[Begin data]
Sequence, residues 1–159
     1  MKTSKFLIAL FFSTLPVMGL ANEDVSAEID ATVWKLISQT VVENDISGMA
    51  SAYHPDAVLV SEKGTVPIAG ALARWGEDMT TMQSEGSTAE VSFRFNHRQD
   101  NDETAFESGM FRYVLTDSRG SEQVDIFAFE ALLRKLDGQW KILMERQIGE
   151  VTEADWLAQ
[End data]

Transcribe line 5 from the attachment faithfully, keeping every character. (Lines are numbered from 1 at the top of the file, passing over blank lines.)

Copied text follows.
   151  VTEADWLAQ